Image courtesy of Fannie Mae, Fannie Mae
Mortgage lenders are optimistic about the future of the home loan mortgage business.
According to Fannie Mae's third quarter Mortgage Lender Sentiment Survey®, mortgage lenders are optimistic about the future of the home mortgage business. Most of this optimism stems from lender expectations of higher profits in the next three months. More on that later in this article.
Fannie Mae's sentiment survey asks questions related to mortgage demand and credit standards across the following three loan types.
As shown in the graph below, the percent of lenders reporting net demand growth for purchase mortgages over the previous three months is about the same as last year at this time for all three loan types. On the graph, the Net Up percentage is the percent of lenders saying demand increased over the past three months minus the percentage of lenders saying demand decreased.
For GSE eligible mortgages, the Net Up was 70% compared to 67% for this time last year. The Net Up for non-GSE eligible loans was 51% compared to 47% a year ago. Finally, the Net Up for government loans was 52% compared to 53% this time last year.
Lender expectations for net demand growth in purchase mortgage remained about the same as expectations levels of a year ago. The Net Up for GSE eligible loans was 22%. That's up about 4% from this time last year. The Net Up for non-GSE eligible loans grew 2% from 17% for 2015's third quarter survey to 19% for this year's third quarter survey. There was a slight 1% drop from 16% to 15% for government loans.
Net demand growth for refinance mortgages over the previous three months has shown a gradual upward trend this year reaching a survey high this quarter. The increase over the past three months was likely driven by mortgage rates falling after Brexit. The Net Up for GSE eligible loans shot up from -14% a year ago to 65% this quarter. The Net Up for non-GSE eligible and government loans steadily climbed from -15% for each last year at this time to 47% for non-GSE and 48% for government refinances.
Lender expectations for net demand growth over the next three quarters are much higher than their expectation levels of a year ago as shown in the graph below. The Net Up for GSE eligible loans was 6%. That's up 43 percentage points from the Net Up of -37% reported on 2015's third quarter survey. Similar Net Up growth is seen for non-GSE eligible and government loans.
The Net Up for non-GSE eligible loans grew from last year's -31% to this year's -3%. Likewise, the Net Up for government loans grew from -33% to -4%. Lender expectations for net demand growth are similar to expectations reported during the second quarter of this year.
Mortgage lending executives continue to report net easing of credit standards. However, the share of lenders reporting net easing has gradually trended down after reaching its survey high during the third quarter of 2015 as the graph below shows. On the Credit Standards graphs, the Net Ease percentage equals the percent of lenders who say they have eased credit standards minus the percent who say they have tightened them.
The Net Ease for the past three months is 12% for GSE eligible loans compared to last year's 20%. A similar drop occurred for Non-GSE eligible loans where last year's Net Ease percentage of 18% fell 12 points to 6% for this year's third quarter survey. The Net Ease for government loans was flat at 8% for both third quarter this year and last.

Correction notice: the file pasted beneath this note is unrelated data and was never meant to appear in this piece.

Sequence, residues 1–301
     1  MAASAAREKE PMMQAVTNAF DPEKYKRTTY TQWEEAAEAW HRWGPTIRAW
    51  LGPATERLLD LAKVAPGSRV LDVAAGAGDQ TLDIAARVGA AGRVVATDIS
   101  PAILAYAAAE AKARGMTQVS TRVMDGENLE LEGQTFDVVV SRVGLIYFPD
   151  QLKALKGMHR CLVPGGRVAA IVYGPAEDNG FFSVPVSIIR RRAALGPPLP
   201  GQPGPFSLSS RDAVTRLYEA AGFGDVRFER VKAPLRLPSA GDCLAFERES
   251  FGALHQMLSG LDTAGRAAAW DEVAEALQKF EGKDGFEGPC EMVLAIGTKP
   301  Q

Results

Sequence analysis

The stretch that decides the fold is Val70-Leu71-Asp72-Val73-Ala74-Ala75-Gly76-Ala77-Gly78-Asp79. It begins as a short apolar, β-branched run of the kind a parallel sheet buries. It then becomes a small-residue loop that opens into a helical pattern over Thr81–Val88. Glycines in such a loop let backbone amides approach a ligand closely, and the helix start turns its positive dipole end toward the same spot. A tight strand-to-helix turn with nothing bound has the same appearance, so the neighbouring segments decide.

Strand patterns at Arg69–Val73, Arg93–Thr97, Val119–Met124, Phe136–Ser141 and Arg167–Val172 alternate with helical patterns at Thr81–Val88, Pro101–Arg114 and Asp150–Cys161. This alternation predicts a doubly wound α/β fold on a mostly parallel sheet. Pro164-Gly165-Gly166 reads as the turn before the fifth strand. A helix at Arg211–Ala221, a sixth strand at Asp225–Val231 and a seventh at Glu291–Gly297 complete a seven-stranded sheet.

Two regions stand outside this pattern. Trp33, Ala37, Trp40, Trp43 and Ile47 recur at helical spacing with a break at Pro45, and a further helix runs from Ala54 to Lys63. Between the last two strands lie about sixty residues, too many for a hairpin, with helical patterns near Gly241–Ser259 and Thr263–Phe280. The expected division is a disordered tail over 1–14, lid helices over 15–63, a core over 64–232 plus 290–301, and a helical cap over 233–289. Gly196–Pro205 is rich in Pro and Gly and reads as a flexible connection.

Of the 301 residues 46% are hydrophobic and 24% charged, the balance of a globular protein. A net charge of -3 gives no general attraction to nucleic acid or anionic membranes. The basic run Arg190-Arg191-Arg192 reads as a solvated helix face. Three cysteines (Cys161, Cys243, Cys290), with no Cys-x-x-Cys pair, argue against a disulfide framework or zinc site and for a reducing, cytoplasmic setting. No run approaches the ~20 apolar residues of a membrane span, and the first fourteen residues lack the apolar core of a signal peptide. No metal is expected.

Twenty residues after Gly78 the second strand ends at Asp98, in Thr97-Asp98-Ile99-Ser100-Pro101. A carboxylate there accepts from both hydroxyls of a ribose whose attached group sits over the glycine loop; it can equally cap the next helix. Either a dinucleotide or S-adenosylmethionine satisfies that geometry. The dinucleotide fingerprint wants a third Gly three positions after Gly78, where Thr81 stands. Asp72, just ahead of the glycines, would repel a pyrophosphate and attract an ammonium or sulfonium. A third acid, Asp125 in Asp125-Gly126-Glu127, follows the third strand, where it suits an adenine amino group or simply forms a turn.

Lender expectations for easing of credit standards over the next three months is relatively flat. The Net Ease for GSE eligible loans shows a slight drop from 7% last year to 5% this year. A slightly larger drop appeared for the Net Ease for non-GSE eligible loans. Last year's third quarter percentage was 10% while this year's percentage is 4%. Finally, a slight uptick from -1% to 1% occurred for government loans.
Lenders reported a net positive profit margin outlook for a third-straight quarter, which represents a significant increase over this time last year. Of the mortgage executives surveyed in August, 28 percent expect an increase in loan profits while only 17 percent expect a decrease. That's an improvement over last August's survey when 13 percent of executives expected an increase in profits and 38 percent expected a decrease.
Lender expecting increased profit margins point to higher operational efficiency and rising consumer demand. Those expecting decreased profit margins point to market competition and government regulatory compliance. The survey shows that lenders may be finally adapting to federal regulations. About 39% of lenders included government regulatory compliance as one of the top two reasons for their decreased profit margin outlook. That's a survey low dropping from 67% last quarter and 61% during the third quarter of 2015.
Throughout 2016, home prices have been climbing to their highest level since 2007 according to The Mortgage Reports. However, 62% of U.S. home are still affordable for typical buyers because of low mortgage rates. New 3-year lows in mortgage rates were set during the second quarter of 2016 coming very close to the record all-time lows set in November 2012.
Despite rising home prices this year, Bloomberg reports that Chris Flanagan of Bank of America Corp. predicts that housing prices will fall by 1.7 percent in 2017. Flanagan states, "We do not see income growing fast enough to keep up with the past few years of rapid increases in home prices."
With housing prices predicted to fall in 2017 and low interest rates, consumer demand for both purchase and refinance mortgages should continue to grow. Reported operational efficiencies along with this increased demand bodes well for mortgage lenders as evident from the results of this quarter's Mortgage Lender Sentiment Survey®
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